The Wettest Dry Campus Around

The December issue of Christianity Today featured an article by Kevin P. Emmert titled “Relaxing Over Drinks.” The article focused on several Christian campuses that recently lifted their alcohol and tobacco ban. Now, if you’re anything like me you probably read that last sentence and thought, “Hey, we’re a Christian campus, why aren’t we lifting our ban, too?” Well, it’s not as fantastic as it sounds. As Emmert explains in his article, “…Moody Bible Institute lifted its alcohol and tobacco ban for its 600 full-time employees, following recent similar moves by Wheaton College, Huntington University, and Asbury Seminary.”

Yes, you read that right; the ban lift only affected the employees, not the students. The fact that prior to the change in its policy Moody’s own employees couldn’t drink made me wonder just how conservative its drinking policies were. What I found was remarkable. Moody has a 100 percent alcohol abstinence policy. That means students are prohibited from drinking “…both on and off campus when enrolled in course work, when living in Institute residence halls, when engaged in an Institute activity, when representing the Institute, or when intersecting with anyone affiliated with the Institute.” So, from the time you sign the papers up until the day you get your diploma, alcohol is completely forbidden. That’s even with the new, “relaxed” policy.

But here’s the thing, Moody Bible Institute isn’t the only school with an alcohol abstinence policy. The other schools lifting the alcohol ban for their employees –Wheaton College, Huntington University, and Asbury Seminary – have similar policies for their students. No alcohol. None. Nada.

All this goes to say that – comparatively – NCU looks like a party school. Sure, we can’t drink (or be drunk) on campus or at NCU events, but we at least have the freedom to drink (within the bounds of the law) off campus. NCU’s alcohol policy even seems liberal when you compare it to that of our sister school, Corban University, where if you drink at all you’re subject to expulsion.

So, why does all this matter? Why can’t we all just have grape juice with our communion crackers and be done with it? Well, because Christian attitudes toward the consumption of alcohol may not be as healthy as they could be.

Emmert writes, “Moody’s spokesperson Brian Regnerus said the [alcohol policy] change ‘came out of a desire in Moody’s leadership to reflect a high-trust environment that emphasizes values, not rules,’ and to ‘require no more and no less than what God’s Word requires.’” While scripture explicitly forbids drunkenness and warns against its dangers, there is no biblical prohibition against alcohol consumption in general. As Emmert reports, Peter Green of Wheaton College says, “the bible presents alcoholic drinks as an indicator and facilitator of human and divine relationships,” and “The Old Testament is unambiguous that wine and other alcoholic beverages are a blessings, and their absence is considered a curse.” By stigmatizing the consumption of alcohol, we not only mistreat a gift from God, but also do ourselves a disservice in the process by creating an irrational fear and an unnecessary temptation.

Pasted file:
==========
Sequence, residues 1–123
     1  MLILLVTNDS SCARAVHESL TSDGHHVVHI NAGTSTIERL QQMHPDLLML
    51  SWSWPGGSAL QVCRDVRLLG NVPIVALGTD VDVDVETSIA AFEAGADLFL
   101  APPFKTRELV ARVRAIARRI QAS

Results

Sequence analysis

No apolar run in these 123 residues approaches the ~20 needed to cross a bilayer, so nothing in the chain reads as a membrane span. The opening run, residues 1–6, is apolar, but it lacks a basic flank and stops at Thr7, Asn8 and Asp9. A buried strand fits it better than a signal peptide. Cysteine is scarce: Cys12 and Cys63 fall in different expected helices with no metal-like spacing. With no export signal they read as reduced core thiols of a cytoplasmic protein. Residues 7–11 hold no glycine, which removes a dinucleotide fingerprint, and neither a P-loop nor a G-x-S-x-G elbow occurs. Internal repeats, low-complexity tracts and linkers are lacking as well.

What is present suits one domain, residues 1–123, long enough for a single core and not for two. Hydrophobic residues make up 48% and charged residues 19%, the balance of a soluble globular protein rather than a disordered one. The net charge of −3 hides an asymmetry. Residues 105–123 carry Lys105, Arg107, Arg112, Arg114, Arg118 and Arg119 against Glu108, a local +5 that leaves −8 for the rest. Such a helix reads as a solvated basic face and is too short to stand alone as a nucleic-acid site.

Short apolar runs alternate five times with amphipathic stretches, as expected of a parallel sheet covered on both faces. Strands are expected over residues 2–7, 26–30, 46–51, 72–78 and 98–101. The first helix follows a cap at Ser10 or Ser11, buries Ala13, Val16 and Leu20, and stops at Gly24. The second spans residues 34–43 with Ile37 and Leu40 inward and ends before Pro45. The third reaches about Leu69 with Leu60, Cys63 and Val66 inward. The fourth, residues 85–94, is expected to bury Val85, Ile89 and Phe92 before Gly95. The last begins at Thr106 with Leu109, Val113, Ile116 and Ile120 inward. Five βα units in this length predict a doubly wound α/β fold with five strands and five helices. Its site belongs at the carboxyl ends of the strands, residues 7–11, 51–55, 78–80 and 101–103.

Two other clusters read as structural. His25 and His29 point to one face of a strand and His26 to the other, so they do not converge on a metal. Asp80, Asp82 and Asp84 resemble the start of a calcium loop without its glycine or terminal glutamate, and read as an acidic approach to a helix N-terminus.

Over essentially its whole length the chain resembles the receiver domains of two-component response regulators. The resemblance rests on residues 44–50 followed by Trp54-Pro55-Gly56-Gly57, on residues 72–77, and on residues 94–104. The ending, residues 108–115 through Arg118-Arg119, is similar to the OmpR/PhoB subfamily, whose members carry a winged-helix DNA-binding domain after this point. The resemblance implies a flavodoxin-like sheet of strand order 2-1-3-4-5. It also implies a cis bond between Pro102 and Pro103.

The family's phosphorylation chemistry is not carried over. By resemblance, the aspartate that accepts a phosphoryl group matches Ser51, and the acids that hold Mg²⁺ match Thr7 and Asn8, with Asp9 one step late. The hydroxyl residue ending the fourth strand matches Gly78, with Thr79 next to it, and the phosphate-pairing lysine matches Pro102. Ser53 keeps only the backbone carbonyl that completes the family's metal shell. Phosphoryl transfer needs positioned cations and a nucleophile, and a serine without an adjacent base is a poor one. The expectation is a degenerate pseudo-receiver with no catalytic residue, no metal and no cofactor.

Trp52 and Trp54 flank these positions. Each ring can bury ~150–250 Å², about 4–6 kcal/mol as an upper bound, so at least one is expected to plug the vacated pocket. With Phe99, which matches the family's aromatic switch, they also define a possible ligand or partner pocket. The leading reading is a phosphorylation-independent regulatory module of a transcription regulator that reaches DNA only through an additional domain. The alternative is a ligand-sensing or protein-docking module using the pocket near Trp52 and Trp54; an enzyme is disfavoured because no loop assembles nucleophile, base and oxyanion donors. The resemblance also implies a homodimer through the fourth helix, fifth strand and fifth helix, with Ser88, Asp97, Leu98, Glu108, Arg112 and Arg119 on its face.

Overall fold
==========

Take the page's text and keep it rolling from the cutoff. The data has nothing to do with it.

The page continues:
In its present form NCU’s alcohol policy is favorable, especially when compared to those of other Christian universities, but what is standing in the way of our school adopting a policy like that of our green and yellow neighbors at the University of Oregon? If students drink in accordance with the law and in a Christ-like and Christ-honoring way, what sin is committed? In a city like Eugene where the craft beer industry is thriving, perhaps a Christian university that embraces the benefits of alcohol can demonstrate how it can be a blessing from God instead of a means of simply getting drunk at parties.

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1 Response

  1. Edward Fryrear says:

    I don’t know if we exactly look like a party school, but we certainly look more tolerable to the subject. Interesting find McGinnis, I wonder as our campus continues to grow how these policies will change.

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